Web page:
Recently, while browsing Netflix, the platform recommended a documentary film called "Korean Raincoat Killer: The Pursuit of Liu Yongzhe" based on my viewing habits. Curious, I searched for it and found that this incident was quite sensational at the time and was later adapted into a film called "The Chaser".
Curiosity piqued, I decided to watch the film to learn about this incident.
With the mindset of avoiding spoilers, I decided to watch the movie first and then the documentary.
The movie tells the story of a retired police officer who runs a brothel and investigates the consecutive disappearances of several prostitutes, only to discover that they were all killed by a mysterious man, unraveling a series of murder cases.
There were many unreasonable aspects of the plot, and the supporting characters were forcibly portrayed as mentally challenged, which I felt was a waste of emotions. However, when I watched the documentary, I surprisingly understood the director and screenwriter... because the Korean police at that time were indeed quite foolish.
Koreans dare to make films that truly depict the cruelty of Liu Yongzhe. Dismemberment, decapitation, and bloody scenes are vividly presented... creating strong visual tension. But this also made me feel that the director's storytelling was immature, using visual impact to replace incomplete story development.
The documentary is of average quality and analyzes the underlying reasons for this incident from the perspectives of the country, society, and law enforcement agencies. However, it did not delve into Liu Yongzhe's personal background, which is a major regret. Behind a serial killer who murdered dozens of people, there must be profound reasons, but the documentary only scratched the surface in this regard.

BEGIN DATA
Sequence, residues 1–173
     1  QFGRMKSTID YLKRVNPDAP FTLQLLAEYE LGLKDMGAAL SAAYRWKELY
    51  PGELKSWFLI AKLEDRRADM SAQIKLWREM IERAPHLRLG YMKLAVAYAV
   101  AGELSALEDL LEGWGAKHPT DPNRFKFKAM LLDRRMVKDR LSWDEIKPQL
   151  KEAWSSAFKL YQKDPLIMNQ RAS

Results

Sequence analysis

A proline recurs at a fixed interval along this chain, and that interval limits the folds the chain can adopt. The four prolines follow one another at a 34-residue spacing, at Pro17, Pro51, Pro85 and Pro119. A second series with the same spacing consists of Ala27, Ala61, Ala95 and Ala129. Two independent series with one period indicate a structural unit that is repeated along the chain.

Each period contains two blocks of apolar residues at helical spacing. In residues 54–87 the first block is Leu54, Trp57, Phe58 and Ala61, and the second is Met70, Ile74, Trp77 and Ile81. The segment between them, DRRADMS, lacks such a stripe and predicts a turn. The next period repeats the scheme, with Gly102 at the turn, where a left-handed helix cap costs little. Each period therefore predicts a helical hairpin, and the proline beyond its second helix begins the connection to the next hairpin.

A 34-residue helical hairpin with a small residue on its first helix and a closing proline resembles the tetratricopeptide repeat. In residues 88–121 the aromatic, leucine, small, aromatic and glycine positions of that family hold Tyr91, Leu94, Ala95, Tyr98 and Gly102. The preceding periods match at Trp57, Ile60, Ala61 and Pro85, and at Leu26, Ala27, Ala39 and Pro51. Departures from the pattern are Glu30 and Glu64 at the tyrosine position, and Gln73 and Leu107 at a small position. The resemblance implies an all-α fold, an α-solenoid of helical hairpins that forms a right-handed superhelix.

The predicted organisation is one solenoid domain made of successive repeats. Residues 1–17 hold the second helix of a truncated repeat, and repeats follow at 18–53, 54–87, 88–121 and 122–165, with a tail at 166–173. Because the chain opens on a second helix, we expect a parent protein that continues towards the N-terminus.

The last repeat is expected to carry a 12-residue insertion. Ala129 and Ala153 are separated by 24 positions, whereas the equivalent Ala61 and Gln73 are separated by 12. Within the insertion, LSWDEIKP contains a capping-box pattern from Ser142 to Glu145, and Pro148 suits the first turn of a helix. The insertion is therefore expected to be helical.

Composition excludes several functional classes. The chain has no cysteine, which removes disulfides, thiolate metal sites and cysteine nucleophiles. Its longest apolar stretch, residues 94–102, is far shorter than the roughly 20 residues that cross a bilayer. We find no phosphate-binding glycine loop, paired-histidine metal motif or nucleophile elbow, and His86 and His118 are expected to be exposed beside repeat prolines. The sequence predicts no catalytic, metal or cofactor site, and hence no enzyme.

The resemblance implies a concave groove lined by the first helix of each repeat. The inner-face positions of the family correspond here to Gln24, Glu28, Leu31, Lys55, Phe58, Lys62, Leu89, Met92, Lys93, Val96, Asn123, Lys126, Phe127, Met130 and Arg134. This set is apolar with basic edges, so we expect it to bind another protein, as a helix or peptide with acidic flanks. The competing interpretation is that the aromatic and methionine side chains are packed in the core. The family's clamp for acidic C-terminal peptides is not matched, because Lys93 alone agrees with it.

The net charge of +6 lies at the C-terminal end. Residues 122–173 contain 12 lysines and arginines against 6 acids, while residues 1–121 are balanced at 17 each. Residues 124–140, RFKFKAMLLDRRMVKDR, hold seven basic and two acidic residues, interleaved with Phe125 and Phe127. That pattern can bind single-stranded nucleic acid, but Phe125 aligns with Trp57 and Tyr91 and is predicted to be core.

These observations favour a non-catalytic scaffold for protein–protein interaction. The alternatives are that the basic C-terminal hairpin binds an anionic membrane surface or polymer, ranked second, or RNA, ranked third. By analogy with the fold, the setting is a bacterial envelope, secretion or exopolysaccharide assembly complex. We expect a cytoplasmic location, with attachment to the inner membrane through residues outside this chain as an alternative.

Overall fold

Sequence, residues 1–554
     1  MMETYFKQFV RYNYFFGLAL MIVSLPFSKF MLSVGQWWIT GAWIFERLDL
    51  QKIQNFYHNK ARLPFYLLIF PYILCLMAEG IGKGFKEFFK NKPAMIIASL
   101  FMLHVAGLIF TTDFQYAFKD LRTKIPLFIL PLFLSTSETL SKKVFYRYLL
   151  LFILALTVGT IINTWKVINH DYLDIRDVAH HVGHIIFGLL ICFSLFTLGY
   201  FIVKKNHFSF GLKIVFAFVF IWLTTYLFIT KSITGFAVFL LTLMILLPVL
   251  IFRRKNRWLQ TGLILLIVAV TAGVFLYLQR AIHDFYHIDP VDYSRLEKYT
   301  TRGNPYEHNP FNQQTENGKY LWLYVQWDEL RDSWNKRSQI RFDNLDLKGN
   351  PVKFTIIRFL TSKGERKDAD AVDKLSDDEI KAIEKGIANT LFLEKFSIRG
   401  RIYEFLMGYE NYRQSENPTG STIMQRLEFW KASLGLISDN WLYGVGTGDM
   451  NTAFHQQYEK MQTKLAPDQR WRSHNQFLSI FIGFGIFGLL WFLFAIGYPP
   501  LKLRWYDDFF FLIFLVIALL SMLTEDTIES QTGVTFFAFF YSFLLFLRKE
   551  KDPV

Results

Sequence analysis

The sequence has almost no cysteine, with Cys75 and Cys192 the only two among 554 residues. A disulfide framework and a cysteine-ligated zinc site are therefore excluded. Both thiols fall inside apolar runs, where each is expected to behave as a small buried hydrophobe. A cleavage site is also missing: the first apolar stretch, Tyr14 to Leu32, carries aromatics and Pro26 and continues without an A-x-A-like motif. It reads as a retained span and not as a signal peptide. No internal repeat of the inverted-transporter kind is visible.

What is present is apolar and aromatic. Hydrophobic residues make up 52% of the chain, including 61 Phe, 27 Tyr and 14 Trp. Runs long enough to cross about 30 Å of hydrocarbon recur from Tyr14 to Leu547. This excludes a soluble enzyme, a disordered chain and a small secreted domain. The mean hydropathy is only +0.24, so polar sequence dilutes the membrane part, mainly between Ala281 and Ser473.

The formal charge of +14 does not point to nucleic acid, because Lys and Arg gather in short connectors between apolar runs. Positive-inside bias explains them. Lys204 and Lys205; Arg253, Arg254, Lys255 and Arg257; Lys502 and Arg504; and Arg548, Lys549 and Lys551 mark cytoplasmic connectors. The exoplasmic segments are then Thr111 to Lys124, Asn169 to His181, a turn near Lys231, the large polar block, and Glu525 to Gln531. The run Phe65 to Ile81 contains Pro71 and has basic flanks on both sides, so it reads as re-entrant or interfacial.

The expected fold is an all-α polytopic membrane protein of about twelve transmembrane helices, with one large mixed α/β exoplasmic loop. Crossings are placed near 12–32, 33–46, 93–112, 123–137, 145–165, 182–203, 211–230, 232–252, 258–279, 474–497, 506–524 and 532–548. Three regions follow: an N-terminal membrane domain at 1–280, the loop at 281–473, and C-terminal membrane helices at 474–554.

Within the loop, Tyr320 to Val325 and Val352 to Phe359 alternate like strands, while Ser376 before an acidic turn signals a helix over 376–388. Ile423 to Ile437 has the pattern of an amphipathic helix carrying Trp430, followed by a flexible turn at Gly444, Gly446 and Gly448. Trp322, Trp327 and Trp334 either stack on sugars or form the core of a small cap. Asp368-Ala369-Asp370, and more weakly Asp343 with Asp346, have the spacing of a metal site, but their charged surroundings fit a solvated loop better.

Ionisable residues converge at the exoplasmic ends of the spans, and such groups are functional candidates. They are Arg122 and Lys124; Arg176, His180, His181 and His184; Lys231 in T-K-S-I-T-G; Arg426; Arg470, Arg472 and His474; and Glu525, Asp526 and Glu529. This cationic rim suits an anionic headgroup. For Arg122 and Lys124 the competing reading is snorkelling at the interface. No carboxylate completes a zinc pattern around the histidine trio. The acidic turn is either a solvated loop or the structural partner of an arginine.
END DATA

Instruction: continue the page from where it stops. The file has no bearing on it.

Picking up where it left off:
Many of the people in the documentary were former police officers. When the police captain recounted the past, there was a slight smile on his lips... as if he was quite proud. I thought to myself: you couldn't even solve a case with so many consecutive murders, and in the end, you had to rely on clues provided by a brothel owner to catch the killer. And even after catching him, he managed to escape once. What are you so proud of? I felt like going up and giving him a slap.
After watching it, it reminded me of the dismemberment case of Diao Aiqing at Nanjing University in China in 1996. Although the perpetrator did not kill as many people as Liu Yongzhe, the method of dismembering over two thousand pieces was equally chilling. What's even more unbelievable is that this case remains unsolved to this day, and the killer is still at large.
Although the Korean police deserve criticism, after this incident, the Korean police force accelerated its internal reform, which is commendable. Just like the social attention and subsequent enactment of the "Furnace Law" sparked by the movie "The Crucible".
It must be said that Korea has such an open environment that allows directors to dare to make films and performers to act, and the authorities can reflect and make corrections after incidents occur. This is something worthy of admiration.